And river-blanched, the swan his snow, &c. &c. Seymour Street, and Wigmore Street lead us into Cavendish Square. It is curious to find how, almost entirely, the streets in this vicinity have derived their names from the Harleys, Earls of Oxford, and from the different families with which they have intermarried. From the earldom of Mortimer and the barony of Harley of Wigmore, we trace the names of Mortimer Street, Harley Street, and Wigmore Street; from the marriage of Edward, second Earl of Oxford and Mortimer, with Henrietta Cavendish, daughter and heiress of John Holles, Duke of Newcastle, we derive Edward Street, Henrietta Street, Cavendish Square, and Holles Street; from the union of their only child, Margaret, to William Bentinck, second Duke of Portland, we trace Margaret Street, Bentinck Street, Duke and Duchess Street, and Portland Place; and, lastly, we derive Bulstrode Street from the family seat of the Dukes of Portland, and Welbeck Street from an estate formerly in the possession of the Dukes of Newcastle, which came into the possession of the Harleys, by the marriage
of the last female descendant of the former to the second Earl of Oxford.
Cavendish Square was built about the year 1718. Here Lady Mary Wortley Montagu held her court, composed of youth, rank, and beauty, before her long absence from England, * and, at the corner house of the Square and Harley Street, the Princess Amelia, daughter of George the Second, lived and died. In the same house afterwards lived Mr. Hope, the author of " Anastasius,” and subsequently Mr. Watson Taylor.
Harley Street, and other streets to the north, were not built till many years after the erection of Cavendish Square. This site was formerly known as Harley Fields, and, as late as 1768, we find thousands of persons assembling here in the open air to listen to the exhortations of the eminent preacher Whitfield. About the same time we find the celebrated John Wesley preaching on “execution days” on Kennington Common. In Harley Street lived Sir Philip Francis, previous to his removal to St. James's Square.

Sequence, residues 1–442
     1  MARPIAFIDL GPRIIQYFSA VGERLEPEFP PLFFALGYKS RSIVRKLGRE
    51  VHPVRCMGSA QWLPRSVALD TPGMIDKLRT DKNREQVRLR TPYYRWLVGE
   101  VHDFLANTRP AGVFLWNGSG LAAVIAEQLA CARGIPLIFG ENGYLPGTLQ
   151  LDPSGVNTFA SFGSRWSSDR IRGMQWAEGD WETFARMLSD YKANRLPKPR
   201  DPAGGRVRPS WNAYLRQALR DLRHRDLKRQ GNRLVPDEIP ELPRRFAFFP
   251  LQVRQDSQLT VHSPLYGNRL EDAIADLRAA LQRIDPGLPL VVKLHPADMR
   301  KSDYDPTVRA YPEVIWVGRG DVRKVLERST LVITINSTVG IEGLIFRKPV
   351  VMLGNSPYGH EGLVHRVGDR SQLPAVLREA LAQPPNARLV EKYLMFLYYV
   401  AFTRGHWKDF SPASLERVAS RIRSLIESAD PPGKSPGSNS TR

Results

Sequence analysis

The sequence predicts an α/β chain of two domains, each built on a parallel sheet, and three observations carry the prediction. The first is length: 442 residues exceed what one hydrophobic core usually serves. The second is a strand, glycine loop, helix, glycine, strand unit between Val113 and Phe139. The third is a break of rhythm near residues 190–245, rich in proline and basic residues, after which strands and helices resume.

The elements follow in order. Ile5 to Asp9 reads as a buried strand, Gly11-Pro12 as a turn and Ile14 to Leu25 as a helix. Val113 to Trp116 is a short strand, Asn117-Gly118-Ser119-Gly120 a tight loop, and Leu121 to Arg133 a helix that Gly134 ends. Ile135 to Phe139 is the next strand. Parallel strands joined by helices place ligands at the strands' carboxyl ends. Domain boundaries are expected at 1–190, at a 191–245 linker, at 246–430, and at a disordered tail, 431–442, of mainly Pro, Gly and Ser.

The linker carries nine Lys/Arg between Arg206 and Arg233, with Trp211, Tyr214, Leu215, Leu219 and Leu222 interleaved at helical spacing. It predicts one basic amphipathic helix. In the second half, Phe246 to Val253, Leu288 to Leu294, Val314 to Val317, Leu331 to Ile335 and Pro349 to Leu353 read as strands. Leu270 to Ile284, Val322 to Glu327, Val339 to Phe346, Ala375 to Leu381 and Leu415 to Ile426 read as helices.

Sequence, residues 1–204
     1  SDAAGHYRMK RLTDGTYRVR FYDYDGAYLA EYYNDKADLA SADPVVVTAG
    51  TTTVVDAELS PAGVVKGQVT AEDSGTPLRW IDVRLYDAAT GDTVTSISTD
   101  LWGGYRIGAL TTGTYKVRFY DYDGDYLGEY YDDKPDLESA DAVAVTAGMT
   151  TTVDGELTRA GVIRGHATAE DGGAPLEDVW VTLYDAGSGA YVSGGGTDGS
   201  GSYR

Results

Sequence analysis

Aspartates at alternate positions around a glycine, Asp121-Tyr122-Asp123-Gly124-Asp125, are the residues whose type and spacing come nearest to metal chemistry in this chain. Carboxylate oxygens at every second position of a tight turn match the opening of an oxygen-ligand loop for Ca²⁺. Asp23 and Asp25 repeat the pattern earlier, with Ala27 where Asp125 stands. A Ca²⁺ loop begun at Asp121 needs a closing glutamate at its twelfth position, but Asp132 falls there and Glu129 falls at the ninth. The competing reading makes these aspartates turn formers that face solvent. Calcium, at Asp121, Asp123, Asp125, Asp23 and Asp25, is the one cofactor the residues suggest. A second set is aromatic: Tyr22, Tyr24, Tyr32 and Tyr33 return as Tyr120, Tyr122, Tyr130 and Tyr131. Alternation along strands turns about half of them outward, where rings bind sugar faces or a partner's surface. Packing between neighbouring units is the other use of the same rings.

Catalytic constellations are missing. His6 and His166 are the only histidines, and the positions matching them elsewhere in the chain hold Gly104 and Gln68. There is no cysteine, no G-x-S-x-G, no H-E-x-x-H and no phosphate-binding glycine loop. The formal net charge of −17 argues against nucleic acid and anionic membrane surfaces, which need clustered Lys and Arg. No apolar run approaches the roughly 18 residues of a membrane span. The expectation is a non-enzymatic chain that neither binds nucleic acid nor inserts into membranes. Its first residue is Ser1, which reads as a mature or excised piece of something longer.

The streets, in the vicinity of Cavendish Square, furnish the names of several persons of celebrity who formerly resided in them. In Bentinck Street lived Gibbon the historian, and in Holles Street resided the mother of Lord Byron, and here the great poet was born in January 1788.9 Martha
• “ Letters and Works of Lady M. W. Montagu.” + “Correspondence of Henrietta, Countess of Suffolk." † “Miscellaneous Works." $ Moore's "Life of Byron." VOL. I.
Blount, beloved and immortalized by Pope, lived in Welbeck Street ;* in this street Lord George Gordon was residing at the time of the celebrated riots which bear his name; and here died, in 1769, at the age of ninety-seven, Edmund Hoyle, author of the famous treatise on the game of whist.
Castle Street, Cavendish Square, is interesting from having been the residence of two men of genius, Dr. Johnson and Barry the painter, who lived here, at different times, in the days of their distress. Opposite to Dr. Johnson's humble lodgings resided two sisters of the name of Cotterell. Sir Joshua Reynolds, then scarcely known to fame, was their frequent visitor, and at the house of the maiden ladies commenced the friendship between Johnson and Reynolds, which only terminated with their lives. “Sir Joshua,” says Boswell, “ told me a pleasant characteristical anecdote of Johnson about the time of their first acquaintance. When they were one evening together at the Miss Cotterells', the then Duchess of Argyle and another lady of high rank came in. Johnson, thinking that the Miss Cotterells were too much engrossed by them, and that he and his friend were neglected, as low company of whom they were somewhat ashamed, grew angry; and resolving to shock their supposed pride, by making their great visitors imagine that his friend and he were low indeed, he addressed
* Pope, in his will, speaks of her as Mrs. Martha Blount, late of Welbeck Street, Cavendish Square.